Smartphones are a key method when searching for and obtaining digital coupons.  A survey found that more than 40% of all consumers will search for coupons using a smartphone app. The influence of coupons found this way is increasing: nearly half of mobile coupons are redeemed in store, which is a 22% growth over 2014. To break digital down a little more specifically, a quarter of US internet users will source coupons from email, followed closely by mobile apps (20%). This echos the 2014 Forrester study once more, which found that consumers discovered coupons via email from retailers and deal sites. Unfortunately, coupons from retailer websites and social media rank lowest (12% and 5% respectively) but remain influential pieces of digital in total; they also act as touch points in the frequency of your marketing plan.

How They Influence Purchase Decisions

Coupons influence purchase decisions because they help consumers feel like they’re getting a better deal, and as a result consumers spend more. There’s evidence to suggest that coupons make people happier and more relaxed, which also boosts willingness to purchase. (If that good feeling transfers to your brand in the process, that’s all the better.) This is equally true for digital coupons as print ones.

Just over 57% of consumers say they are more likely to make a purchase from a retailer’s site when they receive a discount code via email. Similarly, the 2014 Forrester study showed that more than half of consumers are more likely to visit a physical store when they receive a digital coupon. Another 93% of consumers are influenced to try a brand they wouldn’t normally purchase due to a coupon. That includes 80% of affluent shoppers specifically, and another 86% of such shoppers would try new products thanks to a coupon. Coupons also have a role in burgeoning influencer marketing tactics. More than a third of millennials (36%) will share online or social content to receive a digital coupon or discount, which alternately broadens brand awareness and acts as a de facto endorsement.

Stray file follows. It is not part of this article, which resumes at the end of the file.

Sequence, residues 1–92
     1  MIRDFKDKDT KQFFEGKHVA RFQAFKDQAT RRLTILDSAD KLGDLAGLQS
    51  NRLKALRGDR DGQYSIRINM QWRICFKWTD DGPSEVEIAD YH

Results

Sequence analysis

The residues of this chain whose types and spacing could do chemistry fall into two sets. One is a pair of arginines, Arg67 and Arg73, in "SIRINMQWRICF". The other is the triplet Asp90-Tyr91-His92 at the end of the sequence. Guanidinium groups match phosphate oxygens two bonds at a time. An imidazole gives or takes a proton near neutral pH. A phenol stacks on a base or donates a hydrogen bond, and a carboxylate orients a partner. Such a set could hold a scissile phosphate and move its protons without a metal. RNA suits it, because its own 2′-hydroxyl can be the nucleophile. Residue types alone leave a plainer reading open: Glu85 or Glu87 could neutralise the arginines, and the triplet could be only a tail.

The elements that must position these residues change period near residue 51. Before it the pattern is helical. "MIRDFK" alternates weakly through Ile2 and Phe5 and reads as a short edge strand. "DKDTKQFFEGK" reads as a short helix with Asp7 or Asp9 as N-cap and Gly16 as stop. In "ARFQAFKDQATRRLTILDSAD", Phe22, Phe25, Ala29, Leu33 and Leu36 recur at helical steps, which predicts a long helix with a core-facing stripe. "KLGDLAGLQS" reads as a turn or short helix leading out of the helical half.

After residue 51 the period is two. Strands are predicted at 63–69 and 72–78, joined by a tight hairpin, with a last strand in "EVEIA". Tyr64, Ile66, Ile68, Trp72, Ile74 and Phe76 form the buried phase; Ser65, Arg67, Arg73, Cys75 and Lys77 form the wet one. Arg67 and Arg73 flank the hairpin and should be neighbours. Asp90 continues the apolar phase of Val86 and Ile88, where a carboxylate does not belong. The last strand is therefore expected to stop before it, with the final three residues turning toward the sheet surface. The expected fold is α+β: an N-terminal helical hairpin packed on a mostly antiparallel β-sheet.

It’s worth noting that a 2016 survey by Points (a loyalty provider) found that half of all respondents wanted more relevant coupons and deals from retailers in their mobile wallets. This doesn’t just indicate that more consumers would probably use mobile wallets and digital coupons if given the right incentive. It points to the fact that, like most other areas of retail, coupon personalization is a key motivator in the decision process.

As the path to purchase and consumer behavior evolves, it remains a simple fact that coupons influence purchase decisions. Digital coupons are rising in popularity, especially through mobile, but paper coupons are still a powerful factor in decision making. It’s well worth putting in the market research to clearly understand how your customers utilize coupons and develop a winning strategy.